UNITED STATES V. VEA:ZIE.
In order to prevent the delay attendant upon a removal·of the case to the circuit court by writ of error, under the statute of March 8, 1879, (20 St. at Large, 354,) Judge BLATCHFORD consented to listen to the argument made upon this motion, and I am authorized to say that he concurs in this opinion.
NOTE. See United States v. Baugh, 2 FED. REp. 784; and United. States v. Goppersmith, 4 FED. REP. 198. .
UNITED STATES V. VEAZIE.
(Otrcuit Gourt, D. Massachusetts. May 2, 1881.)
INTERNAL REVENUE-MANUFACTURED TOBACco-RETAIL DEALIDR-
+3363. Section 3363 of the Revised Statutes provides, inter alia, that "no manufactured tobacco shall be sold or offered for sale unless put up in packages and stamped as prescribed in this chapter, ellJOfIPt at retail, . by retail d.eoJ,ers,!rom wooden packages stamped as profJided in. thil ehapREV. ST.
U. S. Attm'ney, for the United States. Prentiss Cummings, for qefendaut.
D. J. This is an indictment under Rev. St., § 3363, charging the defendant with selling manufactured tobacco not put up in packages and duly stamped. The facts not being in dispute, the defendant submitted to a verdict of guilty, subject to the opinion of the court whether the offence charged in the indictment was proved. Section 3363 is as follows: "No manufactured tobacco shall be sold or offered for sale unless put up in packages and stamped as prescribed in this chapter, except at retail, by retail
dealers, from wooden packages stamped as provided in this chapter; and every person who sells or offers for sale any snuffs,
or any kind of manufactured tobacco, not so put up in pack-
ages and stamped, shall be fined not less than $500, and imprisoned not less than six: months nor more than two years." It appeared at the trial that the defendant was an apothecary, and also sold cigars and tobacco at retail. He had paid a special tax: as a dealer in tobacco, and purchased plug tobacco in wooden packages, put up and stamped as required by the internal revenue laws. It was his practice to store the original packages in a room in the rear of his shop, and from time to time, as his business required, to cut plugs from the packages and expose them for sale in a show-case in his front shop, the package itself remaining in the back room. At or about the time charged in the indictment he sold one of the plugs from his show-case to one Walsh. It is clear that these facts bring the defendant within the excepting clause of section 3363, unless, as the government contends, a sale at retail must be made directly and literally from the package, and a sale of a part after it has been separated from the whole is unlawful. That this is not the meaning of the clause is plain. Its evident purpose is to permit the retail dealer, whose business is to make single sales in quantities less than the whole package, to break the package and sell to his customers in the lesser quantity. The statute prescribes no time when the separation of the lesser from the larger quantity shall be made. It does not declare that the separation shall take place only at the instant of time when the separated piece is sold. All it says is that it shall be from the package, the evident inference being that it may be taken from the package for sale at retail before the sale. How long before, it does not attempt to prescribe. The court cannot supply what the statute omits to provide, and by sheer force of construction add an element which is wanting. A statute so highly penal as this should be construed with at least reasonable strictness, and ought not to be extended by implication so as to include acts not plainly within its terms. The interpretation insisted upon by the government is a forced one, and is not warranted either by the letter or spirit of the enactment. A retail dealer who, in the course of his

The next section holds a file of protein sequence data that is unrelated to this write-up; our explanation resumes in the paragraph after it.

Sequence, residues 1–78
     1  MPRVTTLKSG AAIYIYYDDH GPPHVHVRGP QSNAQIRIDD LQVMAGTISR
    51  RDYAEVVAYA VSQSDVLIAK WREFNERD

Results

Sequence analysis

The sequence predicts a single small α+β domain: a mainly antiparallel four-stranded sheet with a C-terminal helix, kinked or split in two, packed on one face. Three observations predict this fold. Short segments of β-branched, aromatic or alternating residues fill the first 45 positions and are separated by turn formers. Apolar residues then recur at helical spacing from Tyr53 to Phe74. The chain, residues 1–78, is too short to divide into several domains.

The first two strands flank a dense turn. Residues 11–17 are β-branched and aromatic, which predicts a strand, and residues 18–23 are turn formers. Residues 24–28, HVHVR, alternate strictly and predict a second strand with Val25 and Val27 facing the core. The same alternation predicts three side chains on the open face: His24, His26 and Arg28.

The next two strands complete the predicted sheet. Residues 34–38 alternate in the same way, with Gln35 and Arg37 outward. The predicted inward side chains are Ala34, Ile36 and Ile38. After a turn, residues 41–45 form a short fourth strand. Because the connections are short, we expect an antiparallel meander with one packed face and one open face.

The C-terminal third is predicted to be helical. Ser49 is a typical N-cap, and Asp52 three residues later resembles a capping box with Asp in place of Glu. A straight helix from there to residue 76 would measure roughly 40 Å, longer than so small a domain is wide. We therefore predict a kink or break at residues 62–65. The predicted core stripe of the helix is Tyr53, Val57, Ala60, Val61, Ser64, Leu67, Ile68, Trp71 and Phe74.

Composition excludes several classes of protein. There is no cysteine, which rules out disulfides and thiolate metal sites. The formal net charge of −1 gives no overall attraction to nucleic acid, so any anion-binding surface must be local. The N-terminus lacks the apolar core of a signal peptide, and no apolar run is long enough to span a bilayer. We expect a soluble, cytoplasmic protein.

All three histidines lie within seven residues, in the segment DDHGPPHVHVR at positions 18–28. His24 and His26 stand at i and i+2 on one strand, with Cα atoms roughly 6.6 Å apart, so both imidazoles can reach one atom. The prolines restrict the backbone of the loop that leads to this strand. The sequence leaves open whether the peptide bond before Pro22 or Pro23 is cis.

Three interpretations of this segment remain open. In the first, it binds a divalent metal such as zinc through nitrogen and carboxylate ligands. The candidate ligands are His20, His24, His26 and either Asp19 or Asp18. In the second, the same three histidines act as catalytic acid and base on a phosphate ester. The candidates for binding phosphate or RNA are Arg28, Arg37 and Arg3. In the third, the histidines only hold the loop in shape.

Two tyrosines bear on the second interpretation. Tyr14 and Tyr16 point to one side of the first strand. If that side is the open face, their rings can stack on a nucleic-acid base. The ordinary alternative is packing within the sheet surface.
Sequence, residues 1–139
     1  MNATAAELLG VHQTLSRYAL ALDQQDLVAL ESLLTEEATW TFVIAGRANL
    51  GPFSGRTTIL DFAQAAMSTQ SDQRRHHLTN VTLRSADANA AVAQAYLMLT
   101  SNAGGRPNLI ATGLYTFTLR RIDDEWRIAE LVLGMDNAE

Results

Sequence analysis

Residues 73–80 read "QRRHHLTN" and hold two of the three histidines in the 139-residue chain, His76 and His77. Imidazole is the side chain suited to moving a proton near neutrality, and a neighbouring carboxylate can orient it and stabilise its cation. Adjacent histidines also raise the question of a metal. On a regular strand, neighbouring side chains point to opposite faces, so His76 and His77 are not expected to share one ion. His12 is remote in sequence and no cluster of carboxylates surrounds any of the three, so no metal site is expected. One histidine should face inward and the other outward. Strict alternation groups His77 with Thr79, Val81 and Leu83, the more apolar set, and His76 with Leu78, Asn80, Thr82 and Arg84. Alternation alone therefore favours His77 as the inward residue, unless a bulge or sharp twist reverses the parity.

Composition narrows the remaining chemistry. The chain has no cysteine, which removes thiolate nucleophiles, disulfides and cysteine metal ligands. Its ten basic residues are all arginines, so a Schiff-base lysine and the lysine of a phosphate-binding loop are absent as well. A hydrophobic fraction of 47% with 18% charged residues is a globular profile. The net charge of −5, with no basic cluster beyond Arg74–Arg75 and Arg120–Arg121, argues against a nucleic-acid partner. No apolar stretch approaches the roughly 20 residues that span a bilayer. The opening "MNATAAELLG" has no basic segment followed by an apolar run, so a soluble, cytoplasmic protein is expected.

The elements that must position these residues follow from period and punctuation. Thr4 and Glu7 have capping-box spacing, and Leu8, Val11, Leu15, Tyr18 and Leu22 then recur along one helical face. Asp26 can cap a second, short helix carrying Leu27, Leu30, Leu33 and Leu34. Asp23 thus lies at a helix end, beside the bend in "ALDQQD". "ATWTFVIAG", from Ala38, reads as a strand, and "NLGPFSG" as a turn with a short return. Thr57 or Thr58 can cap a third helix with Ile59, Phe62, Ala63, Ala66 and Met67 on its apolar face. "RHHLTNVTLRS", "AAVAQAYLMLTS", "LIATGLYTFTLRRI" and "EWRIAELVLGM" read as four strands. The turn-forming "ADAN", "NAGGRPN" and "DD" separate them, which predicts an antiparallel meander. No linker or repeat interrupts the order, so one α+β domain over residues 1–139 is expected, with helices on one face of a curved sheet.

business, sells at retail tobacco taken by him from a wooden package duly put up and stamped, whether taken at or before the sale, does not violate this section. Verdict set aside and a new trial granted.
In re HYDE, Bankrupt.In re
(DiBfIrict Court, 8. D. New York. February, 1881.)
1. BANKRUI'T LAw OF 1841-RULE 30-ADJOUUNINGQUES'rION TO THB
The provision of the bankrupt law of 1841, that" the district judge may adjourn any point or question arising in any case in bankruptcy into the circuit court for the district, in his discretion, to be there heard and determined," (5 St. 445,) does not preclude the district judge from exercising that discretion, even though the question has been submitted and he has given an opinion thereon, no final order or decree having been entered. The opinion is subject to revision and correction until the order or decree has been entered. This interpretation accords with the thirtieth rule in bankruptcy, (Act of 1841). The importance of the question is a sufficient reason for adjourning it to the circuit court, even though the point is n!;)t deemed doubtful by the district judge. (For opinion of the court referred to see 3 FED. REP. 839.)
G. F. Betts, for respondent. W. A. Butler, for petitioner. CHOATE, D. J. The court, having heard these cases and delivered an opinion therein on all the points and questions submitted in September last, (see 3 FED. REP. 839,) the reo spondent, Chapman, now moves the court that certain questions arising therein be adjourned into the circuit court. There has been great delay in making the application. The entry of the final orders to carry into effect the opinion of the court has been postponed, on the application of the respond.
"See ante, 587, for opinion of Judge Blatchford upon adjournment of the question to the circuit court. The publication of the present opinion [las been delayed by the illness of Judge Choate.